By Nathan Meunier
Things got a bit out of hand with the trilogy by the time Ninja Gaiden III: The Ancient Ship of Doom saw the light of day in mid-1991. The bizarre, convoluted story became decidedly less ninja-like and began to resemble something out of bad sci-fi flick. Framed for the murder of his girlfriend, Ryu attempts to clear his name and ends up wrapped in a plot involving his own doppelganger, a pack of bio-engineered mutants, a weird castle fortress, trans-dimensional rifts, and the titular ship of doom. The enemies throughout the game are comprised of an odd medley of zombie-like things, robots, cyborgs, and guys in military uniforms, and the scenery takes on a more industrial feel. Without unlimited continues like the two games prior (and a decreased ability to handle damage dealt by foes), Ninja Gaiden III is an exercise in sheer willpower to complete.
The trilogy was eventually upgraded and ported to the SNES. Ninja Gaiden Shadow also appeared on the Game Boy, though the game was essentially a port of Natsume's Shadow of the Ninja that was tweaked and edited to fit into the Ninja Gaiden license. The Atari Lynx even saw ports of the arcade game and The Ancient Ship of Doom. Beyond that, things began to look rather grim for the series. Under license from Tecmo, Sega picked up the franchise and further ran it into the ground with two mediocre Ninja Gaiden titles for Game Gear and Master System. A third game was canned in the beta stage, and Sega abandoned ship with Ninja Gaiden in 1992. Ryu dropped off gamers' radars for a time. Despite appearances, all hope was not lost for the wayward ninja.
Waiting To Strike
It would be over a decade before Ninja Gaiden would return to the spotlight in grand fashion, but its legacy lived on in an unexpected form throughout the 1990s. With game designer Tomonobu Itagaki at the helm, Tecmo's Team Ninja began churning out the popular Dead or Alive games - a series that eventually became well-known for its buxom maidens and over-elaborate boob physics as much as its intense fighter gameplay. Buried in the roster of DOA characters was none other than Ryu Hayabusa. Ryu would actually become a regular favorite and re-occurring character throughout the series.
Team Ninja built an elaborate world around the fighting tournament, and Ryu factored heavily into the plot of several of the games. His popularity grew among players, and Itagaki began work on plans to make the ninja shine (more like glisten with the blood of those dispatched with his blade) once again. The team's efforts came to fruition with the release of Ninja Gaiden on the Xbox in 2004. The game ditches the story and setting from the NES trilogy in favor of a new plot set in the Dead or Alive universe.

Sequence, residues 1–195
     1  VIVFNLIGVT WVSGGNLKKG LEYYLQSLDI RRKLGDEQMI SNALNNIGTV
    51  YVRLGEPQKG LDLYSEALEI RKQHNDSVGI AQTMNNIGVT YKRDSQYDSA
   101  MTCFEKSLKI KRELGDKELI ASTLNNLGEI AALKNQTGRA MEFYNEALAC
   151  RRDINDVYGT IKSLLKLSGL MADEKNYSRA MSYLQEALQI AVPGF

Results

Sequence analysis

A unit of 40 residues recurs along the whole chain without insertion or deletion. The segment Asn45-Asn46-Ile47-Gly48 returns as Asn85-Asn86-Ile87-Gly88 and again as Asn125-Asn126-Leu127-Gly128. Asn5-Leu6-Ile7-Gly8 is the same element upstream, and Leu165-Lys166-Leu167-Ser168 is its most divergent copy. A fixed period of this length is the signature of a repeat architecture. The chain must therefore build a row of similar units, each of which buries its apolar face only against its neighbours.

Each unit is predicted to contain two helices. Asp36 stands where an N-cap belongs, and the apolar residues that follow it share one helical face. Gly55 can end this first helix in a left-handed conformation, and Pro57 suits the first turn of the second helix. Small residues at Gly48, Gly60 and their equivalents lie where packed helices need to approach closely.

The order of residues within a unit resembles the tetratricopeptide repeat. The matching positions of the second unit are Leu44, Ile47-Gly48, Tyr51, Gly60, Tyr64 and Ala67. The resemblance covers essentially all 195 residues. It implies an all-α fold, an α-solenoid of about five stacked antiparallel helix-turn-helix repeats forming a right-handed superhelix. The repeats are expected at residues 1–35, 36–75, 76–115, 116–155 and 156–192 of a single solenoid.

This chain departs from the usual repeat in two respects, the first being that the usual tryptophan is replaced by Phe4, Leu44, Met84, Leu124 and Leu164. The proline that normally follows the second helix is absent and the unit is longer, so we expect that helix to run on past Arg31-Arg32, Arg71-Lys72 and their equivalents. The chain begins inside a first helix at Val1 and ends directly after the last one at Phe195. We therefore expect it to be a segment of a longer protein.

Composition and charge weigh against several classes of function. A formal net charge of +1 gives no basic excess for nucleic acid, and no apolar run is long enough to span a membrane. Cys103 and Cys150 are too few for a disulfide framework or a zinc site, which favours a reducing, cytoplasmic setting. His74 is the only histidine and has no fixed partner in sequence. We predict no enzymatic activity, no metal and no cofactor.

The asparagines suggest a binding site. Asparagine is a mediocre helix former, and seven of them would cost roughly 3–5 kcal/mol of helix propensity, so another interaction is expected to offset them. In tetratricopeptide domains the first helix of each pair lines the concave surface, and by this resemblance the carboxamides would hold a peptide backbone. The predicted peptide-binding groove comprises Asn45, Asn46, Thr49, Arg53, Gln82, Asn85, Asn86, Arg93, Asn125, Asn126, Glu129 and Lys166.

Not unexpectedly, Ryu walks the gore-strewn path of vengeance after evil forces lay waste to his village and make off with the powerful Dark Dragon Blade. As a fully 3D, third-person action adventure, Ninja Gaiden was impressive in its depth and capacity for violence. Also, any question of whether the game would stay true to the formidable level of challenge laid out in the classic series dissolves when players reach the first quasi-boss encounter against a nunchaku-wielding badass. The ability to run along walls, cast Ninpo magic, and disembowel foes gracefully with an array of deadly weapons proved to be as entrancing as the awesome feature to behead opponents in a spray of blood is horrific. The game was also released with additional features as Ninja Gaiden Black and later ported with upgrades to the PS3 as Ninja Gaiden Sigma. Indeed, Team Ninja's revival of Ninja Gaiden ushered in an appropriately bloody new chapter for the series.
Drenched In Blood
In its earlier years, the Ninja Gaiden series was not the gruesome, blood spraying affair players have come to enjoy of late. However, that's not to say there weren't a few envelope-pushing moments scattered here and there. Anyone who played the arcade original would have more than likely encountered the precarious continue screen on numerous occasions. It featured a bound Ryu struggling against his bonds while a circular saw blade descended slowly towards his mid-section. Failing to insert another coin within the 10-second countdown resulted in Ryu groaning in anguish as the screen turned a dark crimson. It's not very unsettling by today's standards, but it was still something to talk about in the late 1980s.